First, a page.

notice(redirected from notices)
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A notification, signal, or sign that something is going to happen or is expected to happen. I know that we were all surprised that Dad decided to move to China, but I think his learning Mandarin last year was something of an advance notice.
take no notice of (something or someone)
To not pay any attention to someone or something; to ignore or disregard someone or something. Take no notice of those troublemakers, they're only trying to provoke you. I was so distracted with thoughts of tomorrow's exam that I took no notice of where I was walking and stepped right out into the road!
at a moment's notice
With little time to prepare; immediately and at any time. Firefighters need to be able to spring into action at a moment's notice. I can't give a speech at a moment's notice!
See also: notice
come to attention
Of military personnel, to stand at attention (which, in most cases, means looking forward and standing erect with one's arms at one's sides). When they heard the drill sergeant's call, the troops abruptly stopped marching and came to attention.
escape (one's) notice
To avoid being seen. I doubt you will escape people's notice if you show up at the party in a floor-length sequined gown.
make (one) sit up and take notice
To cause one to become alert and give his or her attention. Although he's been making music for years, it was his smash hit last April that made people sit up and take notice. The president's proposed aid program has made many global leaders sit up and take notice.
take a blind bit of notice
To give one's attention to someone or something. Almost always used in the negative to convey the opposite. Primarily heard in UK, Australia. I've been trying to show her I fancy her, but she hasn't taken a blind bit of notice. My parents don't take a blind bit of notice of my dreams of becoming a musicians—they just want me to major in business.
on short notice
Without much warning or time to prepare. Who do you think will be free to watch the dog on such short notice? When you're on call, you need to be available to come in on short notice.
sit up and take notice
To become alert and give one's complete attention to someone or something. Although he's been making music for years, it was his smash hit song last April that caused people to sit up and take notice. The president's proposed legislation has made many global leaders sit up and take notice.
Remember or focus on (something). Take note—this street will be closed on Monday.
1. To inform one's employer of one's resignation. In this usage, a noun or pronoun is often used between "give" and "notice." I just gave my notice, so I'm officially leaving in two weeks.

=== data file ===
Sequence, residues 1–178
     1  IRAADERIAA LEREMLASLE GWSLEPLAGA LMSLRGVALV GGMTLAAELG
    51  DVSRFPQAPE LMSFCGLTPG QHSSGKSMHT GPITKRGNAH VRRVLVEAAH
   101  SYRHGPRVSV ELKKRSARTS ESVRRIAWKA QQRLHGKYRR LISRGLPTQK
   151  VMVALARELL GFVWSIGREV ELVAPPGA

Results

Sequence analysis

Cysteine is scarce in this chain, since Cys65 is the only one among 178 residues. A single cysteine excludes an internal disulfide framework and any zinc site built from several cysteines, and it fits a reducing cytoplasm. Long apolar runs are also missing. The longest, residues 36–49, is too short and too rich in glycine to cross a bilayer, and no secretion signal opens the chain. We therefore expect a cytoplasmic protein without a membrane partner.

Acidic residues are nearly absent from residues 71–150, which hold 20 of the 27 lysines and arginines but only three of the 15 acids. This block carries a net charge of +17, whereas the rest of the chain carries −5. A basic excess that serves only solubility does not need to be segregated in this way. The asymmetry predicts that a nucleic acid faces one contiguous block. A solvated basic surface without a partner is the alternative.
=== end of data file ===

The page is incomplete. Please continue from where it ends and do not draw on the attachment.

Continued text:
2. To alert one to something. I think your teacher would have been more understanding if you had given notice of this printing issue in advance.
1. To rise up to a sitting position after lying down. I woke up very thirsty, so I sat up to take a drink of water.
2. To raise someone up into a sitting position after they have been lying down. (A pronoun is used after "sit" in this usage.) They sat the patient up so she could see her visitors.
3. To sit in one's seat with a fixed, upright posture. Please sit up during class—it annoys me to see you slouching at your desk like that!
4. To suddenly take notice of something or become very alert. Our son sat up the moment we mentioned the possibility of going to Disneyland.
at short notice
Without much warning or time to prepare. Who do you think will be free to watch the dog at such short notice?
not a blind bit of (something)
Not any amount of something. It doesn't make a blind bit of difference to me whether you do it now or this weekend—just get it done! I've been trying to show her I fancy her, but she hasn't taken a blind bit of notice.
put (one) on notice
To warn or alert someone to something that may, is about to, or will likely occur. We're putting parents on notice after we received complaints about students being bullied after school. Companies are being put on notice that their interest rates are likely to rise in the new year.
at a moment's noticeand on a moment's notice
with very little advance notice; with just a little bit of warning. They are always asking us to produce reports at a moment's notice.
See also: notice
come to attention
to assume a formal military posture, standing very straight. Almost immediately, the soldiers came to attention.
come to someone's attentionand come to someone's notice
to be told to, revealed to, or discovered by someone. It has come to my attention that you are not following the rules. Your comments have just come to my notice.
escape someone's notice
Fig. to go unnoticed; not to have been noticed. (Usually a way to point out that someone has failed to see or respond to something.) I suppose my earlier request escaped your notice, so I'm writing again. I'm sorry. Your letter escaped my notice.